In this article Julie Cohen draws the connection between the constant surveillance, enabled by digital cameras in public spaces, and the active accumulation of data, available to different organizations. This accumulation of data stored in multitude of databases paints a digital picture of people more revealing than the separate and random surveillance in public spaces. This integration of data in databases pose a privacy threat much more dangerous than Jeremy Bentham’s Panopticon and Foucault’s interpretation of it. Cohen draws the connection between observation, surveillance, watching and power. Surveillance not only gathers information about human behavior, but when this information is stored in database then becomes a concrete fact about the past of people.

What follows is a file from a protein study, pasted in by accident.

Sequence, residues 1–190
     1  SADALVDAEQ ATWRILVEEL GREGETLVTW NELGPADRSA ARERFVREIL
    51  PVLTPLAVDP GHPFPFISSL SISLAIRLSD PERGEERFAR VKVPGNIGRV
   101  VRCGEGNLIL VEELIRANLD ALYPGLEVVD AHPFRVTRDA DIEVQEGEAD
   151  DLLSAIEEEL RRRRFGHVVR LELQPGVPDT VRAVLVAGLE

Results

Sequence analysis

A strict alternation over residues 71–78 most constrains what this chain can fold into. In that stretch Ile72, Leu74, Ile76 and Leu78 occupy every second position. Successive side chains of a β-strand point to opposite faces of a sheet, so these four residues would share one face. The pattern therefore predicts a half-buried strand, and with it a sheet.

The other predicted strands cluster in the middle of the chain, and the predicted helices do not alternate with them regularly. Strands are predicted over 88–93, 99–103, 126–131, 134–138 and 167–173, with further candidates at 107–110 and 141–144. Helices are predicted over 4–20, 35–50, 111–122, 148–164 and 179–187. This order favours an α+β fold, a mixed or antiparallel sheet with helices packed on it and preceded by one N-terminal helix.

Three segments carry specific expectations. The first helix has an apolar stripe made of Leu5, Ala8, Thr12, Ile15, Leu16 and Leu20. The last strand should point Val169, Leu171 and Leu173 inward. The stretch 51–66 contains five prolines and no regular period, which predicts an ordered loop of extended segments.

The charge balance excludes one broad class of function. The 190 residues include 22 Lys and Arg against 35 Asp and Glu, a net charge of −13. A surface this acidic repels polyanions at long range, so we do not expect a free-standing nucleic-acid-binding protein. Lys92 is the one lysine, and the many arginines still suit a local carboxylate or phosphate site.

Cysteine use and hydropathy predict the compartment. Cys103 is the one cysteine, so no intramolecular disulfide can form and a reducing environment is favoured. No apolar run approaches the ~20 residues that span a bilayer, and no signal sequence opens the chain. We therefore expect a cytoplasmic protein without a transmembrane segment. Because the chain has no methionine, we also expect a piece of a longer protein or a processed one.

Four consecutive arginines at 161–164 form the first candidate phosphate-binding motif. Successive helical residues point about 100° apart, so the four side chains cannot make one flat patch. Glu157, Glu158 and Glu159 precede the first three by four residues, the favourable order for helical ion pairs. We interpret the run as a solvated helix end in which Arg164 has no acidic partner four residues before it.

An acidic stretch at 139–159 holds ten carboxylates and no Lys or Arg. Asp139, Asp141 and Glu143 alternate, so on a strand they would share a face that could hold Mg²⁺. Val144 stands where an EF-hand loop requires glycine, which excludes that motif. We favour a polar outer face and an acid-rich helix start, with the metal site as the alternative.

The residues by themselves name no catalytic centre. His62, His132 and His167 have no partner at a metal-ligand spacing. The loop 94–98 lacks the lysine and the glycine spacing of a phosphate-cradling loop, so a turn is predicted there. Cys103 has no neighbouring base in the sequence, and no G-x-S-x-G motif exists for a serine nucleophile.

These databases in combination of different and various types of data is the real threat to privacy. She deduces that physical and online space are one and the same in terms of that they both can generate data and thus is more accurate to think of them as a “networked space” (p.195). Further she examines privacy and surveillance. Cohen distinguishes between spacial and information dimension of privacy. And she examines that surveillance changes the space over which is exerted in two ways. First the idea of power over people, but at the same time offers a sense of security. The conclusion is that surveillance in public spaces produces the same results and effects as online surveillance.